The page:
“Was sie mögen mögen” is a series, the concept of which Marinov already developed several years ago, and which has found its fitting location in Institut francais Stuttgart. The stele-like assemblages are reminiscent of the framework, instructions for the construction of narratives that are constructed differently by each viewer, which, depending on the visitor’s point of view, differ. Here a tree stump with a ladle, there a leafy vine winding around rods, at their feet, water splashes in a plastic bowl. What the works have in common is the olfactory aspect and the reference to nature, colors and fragrances are used that attract insects. What does attraction mean and how does it work? That is what these pieces revolve around, the answers or stories which we as visitors formulate wrap themselves up, spin themselves into their own cocoons. You lose the thread, so that the imaginary vision abruptly dissolves again.
The above-mentioned necessity and absoluteness shifts from the artist to the viewer - the moment they meet, the work and the audience set each other in motion, physically or mentally, directly or on a broader level, distinctly in the very action or more quietly in contemplation, in the pursuit of individual associations. And perhaps much of what Antoanetta Marinov triggers or means to cumulates in the realization that through moving even the smallest distance, from one point to another, you change, that you arrive another person, influenced by fleeting impressions, time changes and friction energy, which were gained or lost on the way. That we may ultimately be ‘different’ to the core, at each given moment, whether we are aware of it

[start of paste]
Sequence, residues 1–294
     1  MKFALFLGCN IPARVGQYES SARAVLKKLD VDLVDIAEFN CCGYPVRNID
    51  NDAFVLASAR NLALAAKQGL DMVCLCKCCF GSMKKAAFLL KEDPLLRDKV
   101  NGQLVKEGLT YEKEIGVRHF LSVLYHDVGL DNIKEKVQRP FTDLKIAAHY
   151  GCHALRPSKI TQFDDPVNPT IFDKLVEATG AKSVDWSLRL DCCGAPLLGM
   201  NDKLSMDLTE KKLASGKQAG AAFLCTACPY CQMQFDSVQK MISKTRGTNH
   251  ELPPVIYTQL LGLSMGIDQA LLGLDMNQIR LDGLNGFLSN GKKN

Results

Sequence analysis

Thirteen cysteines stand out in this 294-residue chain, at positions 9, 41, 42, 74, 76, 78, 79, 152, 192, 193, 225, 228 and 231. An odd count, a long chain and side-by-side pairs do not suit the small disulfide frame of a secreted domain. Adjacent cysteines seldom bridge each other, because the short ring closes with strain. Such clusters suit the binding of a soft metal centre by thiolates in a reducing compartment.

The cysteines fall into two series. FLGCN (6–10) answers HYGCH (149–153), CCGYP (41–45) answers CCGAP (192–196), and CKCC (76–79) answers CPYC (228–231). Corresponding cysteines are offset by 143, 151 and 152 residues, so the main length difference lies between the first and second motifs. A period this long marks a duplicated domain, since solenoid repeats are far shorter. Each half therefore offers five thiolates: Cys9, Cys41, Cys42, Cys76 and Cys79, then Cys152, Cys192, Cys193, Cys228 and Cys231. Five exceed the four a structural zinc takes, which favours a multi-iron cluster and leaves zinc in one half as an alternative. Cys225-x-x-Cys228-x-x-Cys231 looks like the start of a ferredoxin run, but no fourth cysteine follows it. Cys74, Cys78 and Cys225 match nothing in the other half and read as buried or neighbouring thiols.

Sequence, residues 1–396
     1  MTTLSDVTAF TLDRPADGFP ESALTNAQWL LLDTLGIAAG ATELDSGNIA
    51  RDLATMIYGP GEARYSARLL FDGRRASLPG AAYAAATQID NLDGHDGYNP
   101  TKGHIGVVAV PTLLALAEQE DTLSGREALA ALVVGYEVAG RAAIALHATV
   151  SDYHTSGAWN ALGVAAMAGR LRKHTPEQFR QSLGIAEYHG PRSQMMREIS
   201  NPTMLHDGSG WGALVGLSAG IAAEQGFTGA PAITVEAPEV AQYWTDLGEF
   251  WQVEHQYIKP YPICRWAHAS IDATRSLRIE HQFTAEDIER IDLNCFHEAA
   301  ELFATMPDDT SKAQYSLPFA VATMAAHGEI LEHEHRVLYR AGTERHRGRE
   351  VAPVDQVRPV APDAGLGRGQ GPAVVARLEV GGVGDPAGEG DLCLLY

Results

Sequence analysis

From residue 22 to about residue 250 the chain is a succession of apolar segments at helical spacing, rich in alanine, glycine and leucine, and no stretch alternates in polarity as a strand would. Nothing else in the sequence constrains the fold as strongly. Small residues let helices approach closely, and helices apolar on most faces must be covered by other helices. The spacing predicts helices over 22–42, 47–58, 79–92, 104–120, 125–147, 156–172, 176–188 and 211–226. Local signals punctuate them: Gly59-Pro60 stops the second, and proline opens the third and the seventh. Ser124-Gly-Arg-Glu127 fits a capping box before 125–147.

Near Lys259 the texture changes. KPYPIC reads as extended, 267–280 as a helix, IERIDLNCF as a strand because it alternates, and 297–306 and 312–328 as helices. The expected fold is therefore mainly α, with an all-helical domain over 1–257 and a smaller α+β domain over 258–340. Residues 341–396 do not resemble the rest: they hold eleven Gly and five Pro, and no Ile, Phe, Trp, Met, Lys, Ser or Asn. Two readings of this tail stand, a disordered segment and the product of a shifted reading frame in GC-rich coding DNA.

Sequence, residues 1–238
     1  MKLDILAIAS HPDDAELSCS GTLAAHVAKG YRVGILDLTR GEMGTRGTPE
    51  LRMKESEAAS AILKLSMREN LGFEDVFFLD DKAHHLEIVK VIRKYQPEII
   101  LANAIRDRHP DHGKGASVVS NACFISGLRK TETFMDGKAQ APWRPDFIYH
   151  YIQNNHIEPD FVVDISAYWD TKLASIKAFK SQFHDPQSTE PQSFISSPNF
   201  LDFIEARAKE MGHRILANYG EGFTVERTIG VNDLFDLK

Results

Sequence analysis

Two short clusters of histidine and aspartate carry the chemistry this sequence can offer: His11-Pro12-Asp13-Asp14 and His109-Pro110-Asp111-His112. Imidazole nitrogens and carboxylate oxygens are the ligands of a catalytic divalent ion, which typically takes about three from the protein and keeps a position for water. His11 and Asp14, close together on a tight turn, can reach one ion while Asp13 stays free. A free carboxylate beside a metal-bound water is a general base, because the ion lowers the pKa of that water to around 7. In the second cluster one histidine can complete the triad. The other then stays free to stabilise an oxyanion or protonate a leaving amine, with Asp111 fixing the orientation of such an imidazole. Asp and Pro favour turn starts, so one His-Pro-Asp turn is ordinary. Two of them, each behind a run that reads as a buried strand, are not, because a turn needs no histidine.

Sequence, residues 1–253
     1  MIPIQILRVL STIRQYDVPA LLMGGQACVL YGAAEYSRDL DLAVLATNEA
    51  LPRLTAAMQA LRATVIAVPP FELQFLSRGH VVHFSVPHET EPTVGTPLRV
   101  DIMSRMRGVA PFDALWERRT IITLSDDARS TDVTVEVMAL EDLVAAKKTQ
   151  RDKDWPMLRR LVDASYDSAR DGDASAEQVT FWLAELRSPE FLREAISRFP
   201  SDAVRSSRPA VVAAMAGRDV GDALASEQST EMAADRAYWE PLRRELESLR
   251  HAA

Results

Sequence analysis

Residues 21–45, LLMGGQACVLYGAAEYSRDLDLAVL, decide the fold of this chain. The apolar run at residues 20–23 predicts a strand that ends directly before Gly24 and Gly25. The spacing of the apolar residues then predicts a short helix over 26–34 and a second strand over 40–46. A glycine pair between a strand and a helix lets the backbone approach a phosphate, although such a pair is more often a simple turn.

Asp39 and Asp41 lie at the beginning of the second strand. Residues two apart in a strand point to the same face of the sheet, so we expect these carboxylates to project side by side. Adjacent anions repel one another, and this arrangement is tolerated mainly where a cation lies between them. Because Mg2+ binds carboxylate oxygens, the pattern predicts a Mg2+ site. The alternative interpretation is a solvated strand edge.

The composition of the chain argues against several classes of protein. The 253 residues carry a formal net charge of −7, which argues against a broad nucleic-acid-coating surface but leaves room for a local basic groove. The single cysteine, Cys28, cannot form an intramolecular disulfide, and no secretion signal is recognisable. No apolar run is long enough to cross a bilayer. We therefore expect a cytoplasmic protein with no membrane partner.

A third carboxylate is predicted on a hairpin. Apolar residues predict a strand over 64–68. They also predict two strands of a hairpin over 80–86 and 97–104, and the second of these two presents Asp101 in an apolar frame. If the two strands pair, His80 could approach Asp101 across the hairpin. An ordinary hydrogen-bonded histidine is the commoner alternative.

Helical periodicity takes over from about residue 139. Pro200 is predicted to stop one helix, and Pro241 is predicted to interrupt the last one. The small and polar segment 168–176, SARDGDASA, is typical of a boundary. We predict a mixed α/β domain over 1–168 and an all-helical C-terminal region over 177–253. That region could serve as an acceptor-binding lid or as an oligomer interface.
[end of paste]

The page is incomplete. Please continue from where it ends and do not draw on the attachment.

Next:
or not.
Irene Müller translated by Zoe Miller

Assolutamente in Retour de Paris nr. 77. Sheet available at

The exhibition title hints at a foundamental characterization of Antoanetta Marinov's
work: a sense of urgency to develop a particular body of work, to release it into a given space as an action, as a result of a process, open for consideration, participation. The situational, often participation-based pieces derive from the artist‘s interest in what the world will make of her work, how they are perceived and how the mechanisms of implied participation function.
The exhibition space, its spatial, architectural, but also cultural or social implication are usually the point of departure for Marinov‘s work. Often they are interventions that only catch the eye at a second glance, that almost imperceptibly encircle given circumstances and subtly alter the space or the context. The little white plastic boxes that contain relics from the exhibition set-up find their natural place on the landing of the stairs, as the large box painted with floral motifs in the hall of the Rococo villa interacts spontaneously with the decoration.

Art not only engages in a dialogue with its surroundings, it formulates itself as an offer, as something to be grasped, utilized, experienced in an explicit handling. For instance “Gärtner”, which is a piece developed especially for the exhibition in Stuttgart, actually a set of instructions, or rather a summons to the visitor to use the available utensils, leave the framework of the exhibition space and garden a bit on the terrace, get some exercise
or just pretend to do so.